How Long Does Rotator Cuff Surgery Take

When talking about injuries to the rotator cuff we are referring to damage of the tendons and muscles that help you move your shoulder, the joint that allows the most movement in the human body. Sometimes the cause can be attributed to a gradual degeneration of the affected area over time. This type of injury is seen more often in patients of a certain age. It can cause movement limitation and is accompanied with pain due to inflammation. While this is a common injury seen in athletes whose sport involves lifting their arm over their head, (tennis players and pitchers for example), it can also be caused by simple habits like sleeping on the same shoulder or certain movements within jobs tasks as painters and decorators might be required to do.

While the initial or mild pain can be relieved by rest, depending on the type of damage, it tends to gradually get worse over time and may need more proactive treatments. Symptoms can include pain when raising your arm, swelling, stiffness, a clicking sound when moving the arm, loss of movement in the arm.

If you are suffering from any of the above symptoms you should seek help as soon as possible and learn more about the type of injury you have.

Sometimes, having consulted with your specialist shoulder medical doctor you will be advised that the best possible treatment for you is surgery. If you are in the hands of an expert and have discussed your situation at length with him, from diagnosis to treatment, you may realize that this will give you a new, pain-free lease of life and is not as daunting a prospect as you might initially fear.

You will soon realize that by undergoing rotator cuff surgery you will have a reduction in pain and inflammation and an increase in mobility.

How Long Does Rotator Cuff Surgery Take?

There are many variables when answering this question. It really depends on the diagnosis, the damage done, the skill of the surgeon but in general terms an arthroscopy shoulder procedure can take from 45 minutes to one hour. Once it has been decided that surgery is the best option for you, having tried or excluded other methods of treatment you will be given a briefing by your shoulder specialist doctor of exactly what to expect.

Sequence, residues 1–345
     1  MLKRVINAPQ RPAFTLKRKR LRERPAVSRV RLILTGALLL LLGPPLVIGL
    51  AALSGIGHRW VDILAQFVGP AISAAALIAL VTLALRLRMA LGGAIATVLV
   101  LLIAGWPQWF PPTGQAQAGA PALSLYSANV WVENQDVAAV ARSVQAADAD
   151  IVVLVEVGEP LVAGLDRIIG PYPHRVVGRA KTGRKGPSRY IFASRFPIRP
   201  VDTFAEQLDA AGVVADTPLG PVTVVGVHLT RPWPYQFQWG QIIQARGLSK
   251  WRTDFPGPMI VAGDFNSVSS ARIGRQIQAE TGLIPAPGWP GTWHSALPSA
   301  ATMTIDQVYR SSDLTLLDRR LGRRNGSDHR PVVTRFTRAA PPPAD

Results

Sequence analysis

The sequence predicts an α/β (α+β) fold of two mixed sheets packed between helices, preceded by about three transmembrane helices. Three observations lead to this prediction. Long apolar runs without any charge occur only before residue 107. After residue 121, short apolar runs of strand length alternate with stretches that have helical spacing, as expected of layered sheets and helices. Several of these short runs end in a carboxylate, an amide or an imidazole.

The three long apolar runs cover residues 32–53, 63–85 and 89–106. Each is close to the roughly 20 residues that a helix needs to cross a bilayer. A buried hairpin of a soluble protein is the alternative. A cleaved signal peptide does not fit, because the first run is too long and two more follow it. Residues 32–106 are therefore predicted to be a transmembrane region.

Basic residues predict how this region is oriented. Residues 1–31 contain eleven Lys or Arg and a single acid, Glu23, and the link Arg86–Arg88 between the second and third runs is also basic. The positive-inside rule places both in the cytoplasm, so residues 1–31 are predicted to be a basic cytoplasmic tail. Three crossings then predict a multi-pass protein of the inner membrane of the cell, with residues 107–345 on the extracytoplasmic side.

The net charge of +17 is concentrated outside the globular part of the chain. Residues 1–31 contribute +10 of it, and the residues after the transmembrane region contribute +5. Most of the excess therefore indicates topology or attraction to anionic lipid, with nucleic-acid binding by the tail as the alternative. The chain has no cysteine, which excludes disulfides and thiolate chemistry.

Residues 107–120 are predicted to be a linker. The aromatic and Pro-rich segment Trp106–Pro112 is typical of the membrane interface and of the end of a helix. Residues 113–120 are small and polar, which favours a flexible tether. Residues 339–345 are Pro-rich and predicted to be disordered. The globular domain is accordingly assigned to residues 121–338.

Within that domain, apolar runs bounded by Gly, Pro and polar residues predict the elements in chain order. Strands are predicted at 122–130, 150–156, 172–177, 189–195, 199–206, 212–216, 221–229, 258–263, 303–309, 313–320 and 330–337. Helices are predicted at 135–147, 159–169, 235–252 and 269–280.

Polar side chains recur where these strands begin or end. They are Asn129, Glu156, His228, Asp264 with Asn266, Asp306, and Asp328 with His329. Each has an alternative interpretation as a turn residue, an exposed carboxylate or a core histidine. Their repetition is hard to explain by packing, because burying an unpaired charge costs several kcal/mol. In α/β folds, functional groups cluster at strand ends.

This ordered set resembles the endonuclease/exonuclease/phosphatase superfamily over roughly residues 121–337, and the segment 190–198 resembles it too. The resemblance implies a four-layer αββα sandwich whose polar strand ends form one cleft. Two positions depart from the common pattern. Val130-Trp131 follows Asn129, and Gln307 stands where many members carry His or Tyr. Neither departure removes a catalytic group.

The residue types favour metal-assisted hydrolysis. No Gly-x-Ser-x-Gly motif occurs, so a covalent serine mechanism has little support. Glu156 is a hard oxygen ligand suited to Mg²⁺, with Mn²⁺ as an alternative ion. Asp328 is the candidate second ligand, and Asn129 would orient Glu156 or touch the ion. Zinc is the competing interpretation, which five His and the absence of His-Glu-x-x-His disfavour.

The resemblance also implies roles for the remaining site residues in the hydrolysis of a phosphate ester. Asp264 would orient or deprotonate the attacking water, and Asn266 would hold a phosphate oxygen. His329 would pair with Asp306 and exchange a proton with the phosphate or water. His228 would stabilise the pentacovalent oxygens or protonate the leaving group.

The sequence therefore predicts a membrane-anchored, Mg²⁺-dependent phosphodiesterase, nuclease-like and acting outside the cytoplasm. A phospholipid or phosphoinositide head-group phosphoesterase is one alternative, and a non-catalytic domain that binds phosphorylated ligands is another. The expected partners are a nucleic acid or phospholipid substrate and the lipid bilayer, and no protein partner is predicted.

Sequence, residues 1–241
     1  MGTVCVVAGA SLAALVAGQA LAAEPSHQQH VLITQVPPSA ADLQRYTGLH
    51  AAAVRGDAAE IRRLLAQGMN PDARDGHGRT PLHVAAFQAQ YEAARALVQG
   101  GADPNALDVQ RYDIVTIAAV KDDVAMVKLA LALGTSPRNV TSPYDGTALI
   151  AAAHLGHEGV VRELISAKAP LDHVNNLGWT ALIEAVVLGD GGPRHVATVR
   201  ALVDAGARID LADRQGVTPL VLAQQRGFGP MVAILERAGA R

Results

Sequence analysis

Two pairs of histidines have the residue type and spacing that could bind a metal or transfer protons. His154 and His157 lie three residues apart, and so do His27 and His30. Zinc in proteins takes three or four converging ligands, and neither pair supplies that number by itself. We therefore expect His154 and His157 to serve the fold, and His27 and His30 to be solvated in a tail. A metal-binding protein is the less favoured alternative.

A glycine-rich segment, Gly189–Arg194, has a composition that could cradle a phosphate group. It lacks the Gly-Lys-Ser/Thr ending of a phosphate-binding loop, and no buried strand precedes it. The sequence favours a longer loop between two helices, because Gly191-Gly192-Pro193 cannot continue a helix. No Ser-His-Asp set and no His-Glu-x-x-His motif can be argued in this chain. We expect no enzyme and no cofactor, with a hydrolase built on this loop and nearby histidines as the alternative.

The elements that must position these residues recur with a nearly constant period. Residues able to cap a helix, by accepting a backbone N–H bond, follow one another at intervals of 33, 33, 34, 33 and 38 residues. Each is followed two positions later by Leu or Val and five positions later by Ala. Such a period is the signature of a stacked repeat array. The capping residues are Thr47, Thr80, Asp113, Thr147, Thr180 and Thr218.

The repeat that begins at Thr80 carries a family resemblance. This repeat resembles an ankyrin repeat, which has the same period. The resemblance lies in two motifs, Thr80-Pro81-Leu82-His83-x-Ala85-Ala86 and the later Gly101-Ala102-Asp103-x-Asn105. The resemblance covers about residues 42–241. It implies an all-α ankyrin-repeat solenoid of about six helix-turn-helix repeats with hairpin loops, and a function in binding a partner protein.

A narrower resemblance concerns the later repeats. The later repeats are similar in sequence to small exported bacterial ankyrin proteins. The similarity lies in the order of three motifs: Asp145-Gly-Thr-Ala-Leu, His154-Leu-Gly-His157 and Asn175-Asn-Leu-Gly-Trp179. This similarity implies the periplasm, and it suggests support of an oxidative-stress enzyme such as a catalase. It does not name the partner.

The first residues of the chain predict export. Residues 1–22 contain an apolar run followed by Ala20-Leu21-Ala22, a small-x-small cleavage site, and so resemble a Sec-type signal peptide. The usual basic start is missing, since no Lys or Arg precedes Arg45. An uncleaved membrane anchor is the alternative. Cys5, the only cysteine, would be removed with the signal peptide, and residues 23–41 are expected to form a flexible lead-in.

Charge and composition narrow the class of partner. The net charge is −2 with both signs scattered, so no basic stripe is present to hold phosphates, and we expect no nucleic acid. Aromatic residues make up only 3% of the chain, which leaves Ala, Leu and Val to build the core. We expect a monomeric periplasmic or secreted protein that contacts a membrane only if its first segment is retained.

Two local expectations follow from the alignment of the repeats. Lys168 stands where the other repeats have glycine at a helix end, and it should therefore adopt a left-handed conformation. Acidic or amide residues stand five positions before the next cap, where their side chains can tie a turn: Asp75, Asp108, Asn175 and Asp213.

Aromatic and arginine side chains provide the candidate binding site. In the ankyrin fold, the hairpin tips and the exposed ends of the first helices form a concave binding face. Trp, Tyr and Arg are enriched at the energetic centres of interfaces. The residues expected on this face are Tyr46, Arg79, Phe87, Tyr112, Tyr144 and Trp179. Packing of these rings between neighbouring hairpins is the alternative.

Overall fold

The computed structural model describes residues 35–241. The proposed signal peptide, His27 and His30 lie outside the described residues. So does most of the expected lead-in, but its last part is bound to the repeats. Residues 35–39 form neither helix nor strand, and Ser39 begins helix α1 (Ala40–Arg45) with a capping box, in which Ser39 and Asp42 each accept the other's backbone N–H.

There are three surgical options which repair rotator cuff injuries:

  • Open repair – used for large or difficult tears and if tendon transfer is needed
  • Mini-open repair – a combination of open repair and arthroscopic repair it is less invasive that the open repair surgery and often used where there is more than one rotator cuff damaged.
  • Arthroscopic repair – the least invasive of the three procedures, this method is used where the tear is small to medium in size. It involves the insertion of a small camera into an incision performed by the surgeon.

What Affects Recovery of Rotator Cuff Rurgery?

This depends on the type of injury or the severity of the injury itself. Other factors include the cause of the torn tendon, the size of the tear, how old the injury is and also the age and general health of the patient. In general terms however, a guideline to recovery time is between 4 – 6 months depending on the above mentioned factors. Physical therapy and a guided rehabilitation program help speed up recovery.

How to Have Optimum Post-Operative Recovery

Post-operative recovery can take 4-6 months while getting back to full, pre-surgery fitness may take 12 months. Post operative rehabilitation is fundamental to the recovery duration and outcome. The first stage is total immobilization of the shoulder. This allows the tendon and surgical wound to heal. Often a sling is used to this end and the patient can expect to use one for about a month post-op.

The next two stages involve exercise, the first being passive exercise where a physical therapist will guide the patient through a range of movements to help slowly strengthen the shoulder. In this phase the physical therapist will move the arm for the patient. The next stage involves active exercises which the patient can progress to when the surgeon feels the shoulder has built up enough strength – somewhere up to 6 months.

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